UN. FAO. Regional Office for Asia and the Pacific.
An insect that can infest and damage hundreds of hectares of maize fields, literally overnight, is sweeping across Asia – alarming smallholder farmers and threatening livelihoods – but the damage can be limited, the UN’s Food and Agriculture Organization (FAO) reported today. Fall Armyworm is native to the Americas. However, since 2016 it has been aggressively moving ever eastwards, sweeping across Africa, and making landfall for the first time in Asia last summer. Fall Armyworm (FAW) was first detected in India in July 2018 and by January of this year, it had spread to Sri Lanka, Bangladesh, Myanmar, Thailand and China’s Yunnan Province.
Great Lakes Commission.
Aquatic invasive species inflict millions of dollars of ecological and economic damage to the Great Lakes, with impacts on coastal industries, water quality, native fish and wildlife and human health. Recently, Blue Accounting, in partnership with state and federal agencies, launched a new suite of web-based resources and tools to support early detection of aquatic invasive species in the Great Lakes. The earlier new aquatic invasive species are detected, the easier and less expensive it is to avoid potentially devastating consequences of a large invasion. The new tools released by the Blue Accounting initiative help target efforts to focus on high-risk species and locations across the 11,000 miles of shoreline and 94,000 miles of surface area that make up the Great Lakes basin.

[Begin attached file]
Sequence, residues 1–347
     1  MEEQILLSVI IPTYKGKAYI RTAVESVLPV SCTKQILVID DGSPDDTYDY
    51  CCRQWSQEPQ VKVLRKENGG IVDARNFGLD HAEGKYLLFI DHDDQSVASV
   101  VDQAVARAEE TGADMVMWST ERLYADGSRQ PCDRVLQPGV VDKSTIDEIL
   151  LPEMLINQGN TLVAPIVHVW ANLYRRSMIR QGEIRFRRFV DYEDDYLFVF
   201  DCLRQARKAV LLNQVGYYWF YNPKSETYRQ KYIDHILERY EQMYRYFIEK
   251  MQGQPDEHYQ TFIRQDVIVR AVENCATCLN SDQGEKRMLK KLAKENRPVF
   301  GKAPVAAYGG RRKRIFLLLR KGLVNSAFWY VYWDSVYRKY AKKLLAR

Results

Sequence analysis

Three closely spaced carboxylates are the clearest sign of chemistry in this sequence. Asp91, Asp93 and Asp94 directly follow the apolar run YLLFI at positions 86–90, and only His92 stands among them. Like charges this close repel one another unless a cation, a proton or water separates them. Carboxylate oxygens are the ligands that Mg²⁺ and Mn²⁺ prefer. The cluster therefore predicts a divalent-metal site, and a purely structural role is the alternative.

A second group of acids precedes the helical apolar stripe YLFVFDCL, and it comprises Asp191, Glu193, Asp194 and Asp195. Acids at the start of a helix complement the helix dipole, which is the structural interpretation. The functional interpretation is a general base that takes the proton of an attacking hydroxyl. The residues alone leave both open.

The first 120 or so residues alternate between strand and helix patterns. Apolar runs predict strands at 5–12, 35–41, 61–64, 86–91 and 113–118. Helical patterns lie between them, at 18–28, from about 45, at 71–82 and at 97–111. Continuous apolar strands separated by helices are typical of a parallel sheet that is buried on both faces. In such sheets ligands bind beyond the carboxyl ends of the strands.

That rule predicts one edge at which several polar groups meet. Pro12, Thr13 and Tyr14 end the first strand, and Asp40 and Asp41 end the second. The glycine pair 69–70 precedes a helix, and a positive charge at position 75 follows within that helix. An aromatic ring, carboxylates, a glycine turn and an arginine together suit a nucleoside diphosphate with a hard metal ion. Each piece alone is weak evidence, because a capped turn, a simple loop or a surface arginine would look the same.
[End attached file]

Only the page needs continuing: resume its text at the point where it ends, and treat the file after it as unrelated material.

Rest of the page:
USDA. National Institute of Food and Agriculture; University of New Hampshire.
Researchers at the University of New Hampshire have found a dramatic decline of 14 wild bee species that are, among other things, important across the Northeast for the pollination of major local crops like apples, blueberries and cranberries.
“We know that wild bees are greatly at risk and not doing well worldwide,” said Sandra Rehan, assistant professor of biological sciences. “This status assessment of wild bees shines a light on the exact species in decline, beside the well-documented bumble bees. Because these species are major players in crop pollination, it raises concerns about compromising the production of key crops and the food supply in general.”